Defence saving plans raise "serious doubts" over the Ministry of Defence's ability to pay for new equipment, including warships and planes.Read the full story ›
British soldiers will join troops from some 30 countries who work in the country.Read the full story ›
It is understood the Russian Blackjack bombers did not enter UK airspace but flew from Norway and passed to the west of Shetland.Read the full story ›
The Defence secretary has offered to send 30 more troops to help train the Iraqi armed forces.Read the full story ›
HMS St Albans intercepted a drug-smuggling boat and seized a £1m haul of cannabis.Read the full story ›
Britain is to create two rapid-reaction strike brigades capable of being deployed across the world, David Cameron will announce.Read the full story ›
The RAF scrambled Typhoon jets to intercept Russian military jets approaching British airspace last night.
Planes were sent from the air base at Lossiemouth, north east Scotland, after two Russian Tu-160 Blackjack bomber planes were sighted flying over the Atlantic towards the UK.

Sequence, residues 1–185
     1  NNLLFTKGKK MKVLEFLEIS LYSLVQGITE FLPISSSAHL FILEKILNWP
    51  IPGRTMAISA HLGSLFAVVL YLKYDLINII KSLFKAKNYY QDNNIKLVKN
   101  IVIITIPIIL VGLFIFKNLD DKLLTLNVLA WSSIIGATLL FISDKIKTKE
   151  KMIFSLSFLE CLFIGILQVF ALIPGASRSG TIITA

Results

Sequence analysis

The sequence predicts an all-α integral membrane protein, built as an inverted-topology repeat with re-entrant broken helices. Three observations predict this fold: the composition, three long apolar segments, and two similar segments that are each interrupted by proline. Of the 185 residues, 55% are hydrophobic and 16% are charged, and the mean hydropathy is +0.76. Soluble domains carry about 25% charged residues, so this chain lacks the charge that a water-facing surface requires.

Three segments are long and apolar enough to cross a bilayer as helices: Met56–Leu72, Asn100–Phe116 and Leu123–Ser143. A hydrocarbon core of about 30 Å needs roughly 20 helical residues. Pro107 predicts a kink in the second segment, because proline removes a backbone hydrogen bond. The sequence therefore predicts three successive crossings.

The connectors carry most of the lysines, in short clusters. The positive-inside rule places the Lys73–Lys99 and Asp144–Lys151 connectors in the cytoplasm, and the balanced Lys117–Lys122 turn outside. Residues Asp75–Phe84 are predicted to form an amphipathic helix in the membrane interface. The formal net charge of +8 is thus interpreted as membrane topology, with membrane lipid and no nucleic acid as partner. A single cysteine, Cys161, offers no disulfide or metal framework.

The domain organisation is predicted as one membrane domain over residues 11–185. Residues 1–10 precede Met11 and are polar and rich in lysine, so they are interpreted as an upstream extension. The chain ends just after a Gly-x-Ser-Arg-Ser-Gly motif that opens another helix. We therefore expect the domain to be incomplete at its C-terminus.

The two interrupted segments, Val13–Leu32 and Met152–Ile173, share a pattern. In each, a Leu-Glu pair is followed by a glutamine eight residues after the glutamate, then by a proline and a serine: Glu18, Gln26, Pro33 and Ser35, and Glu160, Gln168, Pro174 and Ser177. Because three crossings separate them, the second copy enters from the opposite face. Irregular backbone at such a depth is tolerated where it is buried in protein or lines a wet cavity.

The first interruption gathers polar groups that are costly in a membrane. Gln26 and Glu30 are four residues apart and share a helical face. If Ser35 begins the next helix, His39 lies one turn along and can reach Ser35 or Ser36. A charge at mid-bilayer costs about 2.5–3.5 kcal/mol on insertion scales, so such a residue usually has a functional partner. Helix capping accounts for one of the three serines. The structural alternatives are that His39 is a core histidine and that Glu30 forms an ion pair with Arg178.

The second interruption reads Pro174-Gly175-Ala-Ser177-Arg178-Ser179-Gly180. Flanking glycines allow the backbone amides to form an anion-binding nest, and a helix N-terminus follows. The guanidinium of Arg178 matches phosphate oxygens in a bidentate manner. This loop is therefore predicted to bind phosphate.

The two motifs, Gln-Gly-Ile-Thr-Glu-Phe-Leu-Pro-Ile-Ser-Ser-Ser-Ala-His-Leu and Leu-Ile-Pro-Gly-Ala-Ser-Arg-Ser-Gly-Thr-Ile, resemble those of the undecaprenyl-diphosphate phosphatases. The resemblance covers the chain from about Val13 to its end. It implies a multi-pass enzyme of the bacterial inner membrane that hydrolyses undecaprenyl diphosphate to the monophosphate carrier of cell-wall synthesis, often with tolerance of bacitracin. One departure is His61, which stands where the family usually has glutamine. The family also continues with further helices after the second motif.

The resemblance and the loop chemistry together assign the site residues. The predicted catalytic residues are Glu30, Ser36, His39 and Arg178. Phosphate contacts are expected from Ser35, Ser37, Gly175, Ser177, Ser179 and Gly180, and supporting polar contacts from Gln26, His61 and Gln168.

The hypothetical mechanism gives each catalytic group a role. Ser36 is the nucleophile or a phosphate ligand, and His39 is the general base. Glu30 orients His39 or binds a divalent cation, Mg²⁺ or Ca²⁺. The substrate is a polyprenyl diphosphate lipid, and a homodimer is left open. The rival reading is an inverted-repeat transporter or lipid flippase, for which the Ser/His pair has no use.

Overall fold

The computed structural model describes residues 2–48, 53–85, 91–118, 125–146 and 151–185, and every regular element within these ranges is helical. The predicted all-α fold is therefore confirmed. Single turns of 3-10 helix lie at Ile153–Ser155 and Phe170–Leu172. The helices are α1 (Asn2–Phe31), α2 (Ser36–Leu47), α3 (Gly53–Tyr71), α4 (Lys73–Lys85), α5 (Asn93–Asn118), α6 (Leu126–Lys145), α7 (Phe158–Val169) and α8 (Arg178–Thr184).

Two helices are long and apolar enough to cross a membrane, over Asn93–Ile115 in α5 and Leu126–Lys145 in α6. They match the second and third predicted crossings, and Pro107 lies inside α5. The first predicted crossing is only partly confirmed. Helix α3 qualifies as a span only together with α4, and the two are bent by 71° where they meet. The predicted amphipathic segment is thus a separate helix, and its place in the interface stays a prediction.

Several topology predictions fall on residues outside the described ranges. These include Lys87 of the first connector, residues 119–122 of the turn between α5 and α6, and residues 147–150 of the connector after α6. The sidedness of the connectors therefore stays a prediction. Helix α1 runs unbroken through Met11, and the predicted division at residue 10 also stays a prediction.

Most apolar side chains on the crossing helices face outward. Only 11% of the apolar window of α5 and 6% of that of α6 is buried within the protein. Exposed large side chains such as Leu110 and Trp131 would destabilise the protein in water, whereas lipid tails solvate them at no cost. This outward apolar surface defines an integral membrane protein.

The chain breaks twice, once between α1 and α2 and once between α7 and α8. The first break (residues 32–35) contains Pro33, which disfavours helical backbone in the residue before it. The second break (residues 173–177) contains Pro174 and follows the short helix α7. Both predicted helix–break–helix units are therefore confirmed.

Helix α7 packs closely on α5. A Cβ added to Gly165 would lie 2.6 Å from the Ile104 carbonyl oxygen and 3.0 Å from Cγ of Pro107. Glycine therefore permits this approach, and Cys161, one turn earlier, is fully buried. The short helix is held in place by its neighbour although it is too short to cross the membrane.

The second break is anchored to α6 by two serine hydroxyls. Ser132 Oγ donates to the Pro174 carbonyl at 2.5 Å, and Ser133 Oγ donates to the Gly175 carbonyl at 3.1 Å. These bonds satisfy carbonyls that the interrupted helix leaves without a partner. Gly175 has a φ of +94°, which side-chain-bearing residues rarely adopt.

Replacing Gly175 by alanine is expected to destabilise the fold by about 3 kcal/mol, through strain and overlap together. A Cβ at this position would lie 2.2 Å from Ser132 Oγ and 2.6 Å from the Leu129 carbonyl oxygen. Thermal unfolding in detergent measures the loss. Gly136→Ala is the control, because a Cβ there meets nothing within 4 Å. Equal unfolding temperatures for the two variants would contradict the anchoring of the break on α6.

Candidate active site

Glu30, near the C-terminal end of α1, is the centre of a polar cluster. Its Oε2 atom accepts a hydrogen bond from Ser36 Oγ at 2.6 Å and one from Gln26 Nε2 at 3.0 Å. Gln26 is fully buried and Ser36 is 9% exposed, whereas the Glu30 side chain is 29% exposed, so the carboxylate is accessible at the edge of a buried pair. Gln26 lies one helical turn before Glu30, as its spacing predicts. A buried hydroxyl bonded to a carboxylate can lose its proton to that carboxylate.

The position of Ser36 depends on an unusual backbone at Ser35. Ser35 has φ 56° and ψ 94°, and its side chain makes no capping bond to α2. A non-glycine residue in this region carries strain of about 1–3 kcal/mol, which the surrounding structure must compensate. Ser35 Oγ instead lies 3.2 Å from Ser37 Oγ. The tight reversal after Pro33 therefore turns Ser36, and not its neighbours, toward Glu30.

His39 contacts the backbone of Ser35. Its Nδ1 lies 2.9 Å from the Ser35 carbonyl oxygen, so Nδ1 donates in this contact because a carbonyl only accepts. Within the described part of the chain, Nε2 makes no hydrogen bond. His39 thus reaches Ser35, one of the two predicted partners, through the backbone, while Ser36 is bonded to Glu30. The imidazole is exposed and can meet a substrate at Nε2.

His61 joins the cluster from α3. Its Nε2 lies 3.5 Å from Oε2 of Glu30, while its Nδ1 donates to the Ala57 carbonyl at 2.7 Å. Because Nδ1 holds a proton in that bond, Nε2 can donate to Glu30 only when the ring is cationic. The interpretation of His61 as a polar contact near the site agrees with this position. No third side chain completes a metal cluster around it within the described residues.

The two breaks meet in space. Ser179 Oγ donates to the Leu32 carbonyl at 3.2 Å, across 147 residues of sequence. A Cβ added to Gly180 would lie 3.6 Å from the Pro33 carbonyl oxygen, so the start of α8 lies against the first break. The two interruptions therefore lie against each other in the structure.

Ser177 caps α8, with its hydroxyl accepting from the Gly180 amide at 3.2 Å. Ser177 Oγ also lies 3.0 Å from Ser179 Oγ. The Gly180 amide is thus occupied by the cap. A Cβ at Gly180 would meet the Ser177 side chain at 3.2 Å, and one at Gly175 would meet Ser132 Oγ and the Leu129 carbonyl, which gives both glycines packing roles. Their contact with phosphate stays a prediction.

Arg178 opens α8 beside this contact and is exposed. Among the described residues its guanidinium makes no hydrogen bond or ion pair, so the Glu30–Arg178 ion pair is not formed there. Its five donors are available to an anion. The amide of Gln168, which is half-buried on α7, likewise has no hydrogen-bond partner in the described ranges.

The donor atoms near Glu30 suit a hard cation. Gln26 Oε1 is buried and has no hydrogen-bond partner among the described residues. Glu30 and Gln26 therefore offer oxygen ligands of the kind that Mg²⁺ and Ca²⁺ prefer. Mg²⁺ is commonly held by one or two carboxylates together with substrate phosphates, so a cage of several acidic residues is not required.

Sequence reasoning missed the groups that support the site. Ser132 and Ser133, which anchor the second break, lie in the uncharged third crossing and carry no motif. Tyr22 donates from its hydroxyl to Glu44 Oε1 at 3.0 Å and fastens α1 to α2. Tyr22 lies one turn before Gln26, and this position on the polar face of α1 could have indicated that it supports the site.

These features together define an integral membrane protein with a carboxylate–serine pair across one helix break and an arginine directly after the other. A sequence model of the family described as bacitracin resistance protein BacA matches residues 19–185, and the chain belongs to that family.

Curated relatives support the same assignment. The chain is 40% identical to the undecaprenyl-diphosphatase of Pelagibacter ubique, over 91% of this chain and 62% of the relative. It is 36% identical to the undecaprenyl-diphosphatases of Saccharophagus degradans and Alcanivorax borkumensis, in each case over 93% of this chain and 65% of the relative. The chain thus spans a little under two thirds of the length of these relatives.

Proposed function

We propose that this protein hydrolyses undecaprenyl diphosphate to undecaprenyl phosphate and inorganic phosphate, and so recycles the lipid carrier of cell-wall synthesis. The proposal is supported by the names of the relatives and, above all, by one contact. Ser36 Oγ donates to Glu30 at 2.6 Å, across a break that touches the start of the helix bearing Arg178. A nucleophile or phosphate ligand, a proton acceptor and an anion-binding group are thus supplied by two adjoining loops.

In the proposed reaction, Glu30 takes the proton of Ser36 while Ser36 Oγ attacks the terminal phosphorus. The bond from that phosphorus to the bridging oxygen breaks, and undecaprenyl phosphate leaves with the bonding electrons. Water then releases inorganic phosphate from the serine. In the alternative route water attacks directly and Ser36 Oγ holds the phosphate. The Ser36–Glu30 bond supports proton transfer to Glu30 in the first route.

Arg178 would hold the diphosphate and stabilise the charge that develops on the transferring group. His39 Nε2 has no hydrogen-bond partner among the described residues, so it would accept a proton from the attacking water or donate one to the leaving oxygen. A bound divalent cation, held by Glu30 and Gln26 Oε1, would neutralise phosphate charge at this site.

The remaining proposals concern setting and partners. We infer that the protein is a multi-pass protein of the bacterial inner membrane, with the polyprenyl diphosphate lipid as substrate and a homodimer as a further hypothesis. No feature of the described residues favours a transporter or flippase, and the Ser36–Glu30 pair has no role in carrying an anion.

A spokesman for the Ministry of Defence said the Russian aircraft were escorted until they were clear of the UK area of interest. At no time did they cross into UK sovereign airspace, he added.
It is the latest in a number of incidents in recent months in which Moscow has sent planes skirting the edge of British airspace in a legal but provocative move amid worsening international relations.
Scottish National Party leader Nicola Sturgeon has criticised a £500 million investment in the home of the UK's nuclear deterrent as "Tory arrogance of the worst kind".
Ms Sturgeon said it was wrong of Chancellor George Osborne to pre-empt the outcome of a vote on the renewal of the Trident nuclear deterrent, which is due to be decided by MPs next year.
The SNP leader said that while she wanted to see Faslane have a strong future as a conventional naval yard, the money should be invested in health and education and used to reverse "cruel" welfare cuts.
David Cameron has told officials that the UK needs to spend more money on special forces and aerial drones to help fight future threats.Read the full story ›